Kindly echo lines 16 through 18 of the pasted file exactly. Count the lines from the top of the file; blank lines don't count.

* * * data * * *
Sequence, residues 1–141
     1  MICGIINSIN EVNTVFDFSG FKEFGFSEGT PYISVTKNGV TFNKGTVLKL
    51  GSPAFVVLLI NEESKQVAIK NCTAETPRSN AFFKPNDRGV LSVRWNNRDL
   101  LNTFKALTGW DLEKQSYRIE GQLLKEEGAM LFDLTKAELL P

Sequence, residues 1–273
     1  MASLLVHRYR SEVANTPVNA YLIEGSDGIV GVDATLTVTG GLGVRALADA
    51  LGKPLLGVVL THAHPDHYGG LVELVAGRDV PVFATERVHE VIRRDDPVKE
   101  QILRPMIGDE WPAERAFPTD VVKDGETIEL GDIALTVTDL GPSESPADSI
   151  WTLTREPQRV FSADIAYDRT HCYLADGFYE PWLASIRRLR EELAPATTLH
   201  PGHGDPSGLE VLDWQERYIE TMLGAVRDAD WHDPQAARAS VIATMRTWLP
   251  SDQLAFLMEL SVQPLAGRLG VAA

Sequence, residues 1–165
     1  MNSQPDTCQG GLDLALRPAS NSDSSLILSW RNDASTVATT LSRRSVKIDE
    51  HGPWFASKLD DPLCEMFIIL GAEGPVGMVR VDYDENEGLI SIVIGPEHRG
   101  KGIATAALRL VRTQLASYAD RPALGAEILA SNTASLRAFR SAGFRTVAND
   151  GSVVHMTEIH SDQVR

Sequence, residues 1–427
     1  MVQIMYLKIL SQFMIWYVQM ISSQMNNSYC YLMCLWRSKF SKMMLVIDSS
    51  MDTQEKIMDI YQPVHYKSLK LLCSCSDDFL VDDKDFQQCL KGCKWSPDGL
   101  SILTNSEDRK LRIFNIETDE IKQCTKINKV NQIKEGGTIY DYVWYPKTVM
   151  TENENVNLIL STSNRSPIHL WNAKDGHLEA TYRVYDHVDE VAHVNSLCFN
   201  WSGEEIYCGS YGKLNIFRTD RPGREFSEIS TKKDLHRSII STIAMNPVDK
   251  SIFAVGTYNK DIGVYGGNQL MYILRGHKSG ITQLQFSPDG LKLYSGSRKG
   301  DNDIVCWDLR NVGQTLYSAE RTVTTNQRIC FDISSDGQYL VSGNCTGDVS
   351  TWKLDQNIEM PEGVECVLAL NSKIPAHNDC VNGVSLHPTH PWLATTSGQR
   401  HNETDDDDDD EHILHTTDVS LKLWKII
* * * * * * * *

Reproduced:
   151  GSVVHMTEIH SDQVR

Sequence, residues 1–427
     1  MVQIMYLKIL SQFMIWYVQM ISSQMNNSYC YLMCLWRSKF SKMMLVIDSS